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Taking Care of Business

By C. Rommial ButlerPublished 23 days ago Updated 23 days ago 2 min read
Bachman Turner Overdrive, "Taking Care of Business". I also love to work at nothing all day...

“Buddha, what do you mean when you state that desire is the cause of suffering?” the Poet asked.

“I mean to indicate not only one’s own desire, but also that of others. One can remove oneself from the world but still be a vital part of it in ways that others will not understand until they do the same… and it is okay if they never do!

Let them live, for are we not living? Let them die believing what they will, for will we not also die?

True compassion lies not in meddling in the business of others but in attending to our own.”

With that, Buddha took the final stone. A curious rock. Blood-spattered. Wrapped in chains. He regarded it with his knowing smile and tossed it to the Poet.

“You throw this one, and make a wish,” Buddha said.

“Will it come true?” asked the Poet.

“It doesn’t matter,” replied Buddha, “so long as you wish with a pure heart.”

“But isn’t that desire?” The Poet was confused but delighted by the possibility of catching the Buddha in a technicality.

“Of course not, young ward, for a pure heart wishes things as they are, not as it desires them to be.”

The Buddha’s knowing smile was contagious. The Poet laughed and beheld the stone. The blood was gone. The chains were gone. In his hands he held a jewel of indescribable, incomparable beauty.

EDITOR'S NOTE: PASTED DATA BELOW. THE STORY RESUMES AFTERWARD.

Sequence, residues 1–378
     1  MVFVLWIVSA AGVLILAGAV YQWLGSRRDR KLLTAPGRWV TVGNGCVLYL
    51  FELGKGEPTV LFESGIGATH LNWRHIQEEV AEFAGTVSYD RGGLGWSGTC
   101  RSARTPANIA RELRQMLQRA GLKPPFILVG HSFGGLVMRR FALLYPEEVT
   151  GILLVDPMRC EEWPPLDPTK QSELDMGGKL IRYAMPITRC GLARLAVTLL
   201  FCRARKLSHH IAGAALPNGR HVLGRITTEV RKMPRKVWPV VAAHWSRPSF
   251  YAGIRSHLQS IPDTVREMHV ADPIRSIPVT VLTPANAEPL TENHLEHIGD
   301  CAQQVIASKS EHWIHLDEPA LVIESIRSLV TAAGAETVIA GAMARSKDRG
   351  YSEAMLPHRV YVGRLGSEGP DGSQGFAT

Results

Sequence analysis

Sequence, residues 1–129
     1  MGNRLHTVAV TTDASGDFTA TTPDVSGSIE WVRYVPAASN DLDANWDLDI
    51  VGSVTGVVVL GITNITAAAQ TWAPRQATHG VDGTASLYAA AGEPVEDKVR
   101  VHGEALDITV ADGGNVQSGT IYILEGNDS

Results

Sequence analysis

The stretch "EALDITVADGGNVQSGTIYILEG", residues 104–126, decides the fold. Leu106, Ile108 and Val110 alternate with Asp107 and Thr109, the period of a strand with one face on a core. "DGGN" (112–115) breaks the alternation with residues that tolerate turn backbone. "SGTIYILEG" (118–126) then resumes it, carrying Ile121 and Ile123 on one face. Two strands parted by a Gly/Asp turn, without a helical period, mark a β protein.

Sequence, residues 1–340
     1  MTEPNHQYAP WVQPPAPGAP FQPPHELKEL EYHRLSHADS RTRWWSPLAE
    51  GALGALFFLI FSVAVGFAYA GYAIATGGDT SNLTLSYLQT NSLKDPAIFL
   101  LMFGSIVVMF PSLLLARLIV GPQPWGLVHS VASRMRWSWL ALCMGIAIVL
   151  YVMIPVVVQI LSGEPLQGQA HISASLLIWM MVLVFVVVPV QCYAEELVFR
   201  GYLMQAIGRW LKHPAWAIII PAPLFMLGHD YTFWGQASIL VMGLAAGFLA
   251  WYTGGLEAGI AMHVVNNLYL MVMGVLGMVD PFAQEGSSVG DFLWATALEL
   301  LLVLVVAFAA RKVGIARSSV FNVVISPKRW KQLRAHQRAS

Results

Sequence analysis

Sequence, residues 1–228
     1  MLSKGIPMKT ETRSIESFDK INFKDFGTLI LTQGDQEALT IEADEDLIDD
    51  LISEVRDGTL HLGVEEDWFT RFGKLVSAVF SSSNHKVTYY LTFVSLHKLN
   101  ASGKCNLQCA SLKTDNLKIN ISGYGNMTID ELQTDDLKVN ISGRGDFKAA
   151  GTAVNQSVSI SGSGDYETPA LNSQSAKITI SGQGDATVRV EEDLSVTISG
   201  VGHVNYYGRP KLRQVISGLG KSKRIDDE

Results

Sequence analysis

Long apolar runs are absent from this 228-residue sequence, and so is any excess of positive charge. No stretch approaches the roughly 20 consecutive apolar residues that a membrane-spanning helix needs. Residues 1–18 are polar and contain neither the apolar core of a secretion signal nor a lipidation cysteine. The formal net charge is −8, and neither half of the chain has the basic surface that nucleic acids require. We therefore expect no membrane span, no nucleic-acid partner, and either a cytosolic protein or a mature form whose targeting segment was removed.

Into the Abyss it went, rolling over and over forever, sparkling in the light of their smiles, a sun that gave warmth and hope to all.

***** * *****


This should be the final piece in my Buddha and the Poet trilogy. Here are the first two:

And here is a stand-alone "Untold Tale of the Buddha":

As to whether there will be more on the illustrious, illusive, and elusive figure, I cannot say, but it seems Buddha has reached the Poet and disavowed him of his melancholy nature, at the very least. Nevertheless, Sorrow remains one of the many colors on the Poet's Pallette, and must certainly recur from time to time in his endless discourse...


About the Creator

C. Rommial Butler

C. Rommial Butler is a writer, musician and philosopher from Indianapolis, IN. His works can be found online through multiple streaming services and booksellers.

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Comments (5)

  • JBaz23 days ago

    Some things that should be an everyday way of life seems so out of reach. And we wonder why things are the way they are.

  • Lamar Wiggins23 days ago

    Nice! I can only imagine the positive progress one could make being a personal student of Buddha. I would definitely sign up.

  • Margaret Brennan23 days ago

    What a wonderful story. Makes you realize how some mindless some wishes can be even when we think they are not. These are definitely words of wisdom.

  • Sasi Kala23 days ago

    The interplay between Buddha and the Poet creates a dynamic exploration of these ideas. Nice!

  • Rachel Deeming23 days ago

    I need to read the others. Life throws strange shapes, Rommi. I work for a company whose acronym is TCOB so I was startled when I saw the title of this piece! This bears no resemblance to that though in any way shape of form and the connectedness ends there with me. I am the Lego brick that connects Buddha and boilers.

C. Rommial ButlerWritten by C. Rommial Butler

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